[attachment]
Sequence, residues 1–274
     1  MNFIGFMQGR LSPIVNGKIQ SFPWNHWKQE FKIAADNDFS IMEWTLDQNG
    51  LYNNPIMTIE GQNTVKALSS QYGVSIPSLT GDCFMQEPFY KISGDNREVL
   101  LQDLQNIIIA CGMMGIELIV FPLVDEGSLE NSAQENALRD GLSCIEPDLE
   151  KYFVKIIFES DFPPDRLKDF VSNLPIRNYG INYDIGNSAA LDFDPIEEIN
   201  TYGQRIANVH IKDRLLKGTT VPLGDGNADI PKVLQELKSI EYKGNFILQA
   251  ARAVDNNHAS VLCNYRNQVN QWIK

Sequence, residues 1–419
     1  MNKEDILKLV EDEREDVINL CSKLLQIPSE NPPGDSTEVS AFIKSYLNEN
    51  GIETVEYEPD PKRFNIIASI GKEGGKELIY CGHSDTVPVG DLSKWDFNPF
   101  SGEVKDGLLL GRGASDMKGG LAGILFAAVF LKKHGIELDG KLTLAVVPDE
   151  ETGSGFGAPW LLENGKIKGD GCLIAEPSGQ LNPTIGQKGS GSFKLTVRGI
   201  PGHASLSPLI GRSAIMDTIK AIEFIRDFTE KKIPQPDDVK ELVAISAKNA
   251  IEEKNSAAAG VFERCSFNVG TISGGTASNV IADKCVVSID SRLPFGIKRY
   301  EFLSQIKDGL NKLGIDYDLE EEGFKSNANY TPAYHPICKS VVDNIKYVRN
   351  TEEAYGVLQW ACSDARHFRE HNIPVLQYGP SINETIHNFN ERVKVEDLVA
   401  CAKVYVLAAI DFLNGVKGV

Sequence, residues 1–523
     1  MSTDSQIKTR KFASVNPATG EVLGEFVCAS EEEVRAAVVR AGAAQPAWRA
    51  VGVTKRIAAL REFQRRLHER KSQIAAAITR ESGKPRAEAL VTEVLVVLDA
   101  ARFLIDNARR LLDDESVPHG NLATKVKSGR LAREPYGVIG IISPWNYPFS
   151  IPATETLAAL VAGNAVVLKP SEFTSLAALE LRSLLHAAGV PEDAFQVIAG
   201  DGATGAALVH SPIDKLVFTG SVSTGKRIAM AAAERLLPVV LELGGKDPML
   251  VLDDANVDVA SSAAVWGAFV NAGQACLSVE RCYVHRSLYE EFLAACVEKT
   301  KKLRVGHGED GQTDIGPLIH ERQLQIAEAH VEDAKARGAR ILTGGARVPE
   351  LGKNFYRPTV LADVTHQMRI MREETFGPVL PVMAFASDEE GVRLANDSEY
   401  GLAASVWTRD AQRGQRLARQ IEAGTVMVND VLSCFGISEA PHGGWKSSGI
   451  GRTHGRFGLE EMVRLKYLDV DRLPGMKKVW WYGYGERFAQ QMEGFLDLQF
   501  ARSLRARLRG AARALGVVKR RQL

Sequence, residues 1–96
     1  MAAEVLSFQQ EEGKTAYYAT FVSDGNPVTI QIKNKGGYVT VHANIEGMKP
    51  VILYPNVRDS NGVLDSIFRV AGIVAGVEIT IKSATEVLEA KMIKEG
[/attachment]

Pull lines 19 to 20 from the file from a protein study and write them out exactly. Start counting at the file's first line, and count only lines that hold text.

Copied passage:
     1  MSTDSQIKTR KFASVNPATG EVLGEFVCAS EEEVRAAVVR AGAAQPAWRA
    51  VGVTKRIAAL REFQRRLHER KSQIAAAITR ESGKPRAEAL VTEVLVVLDA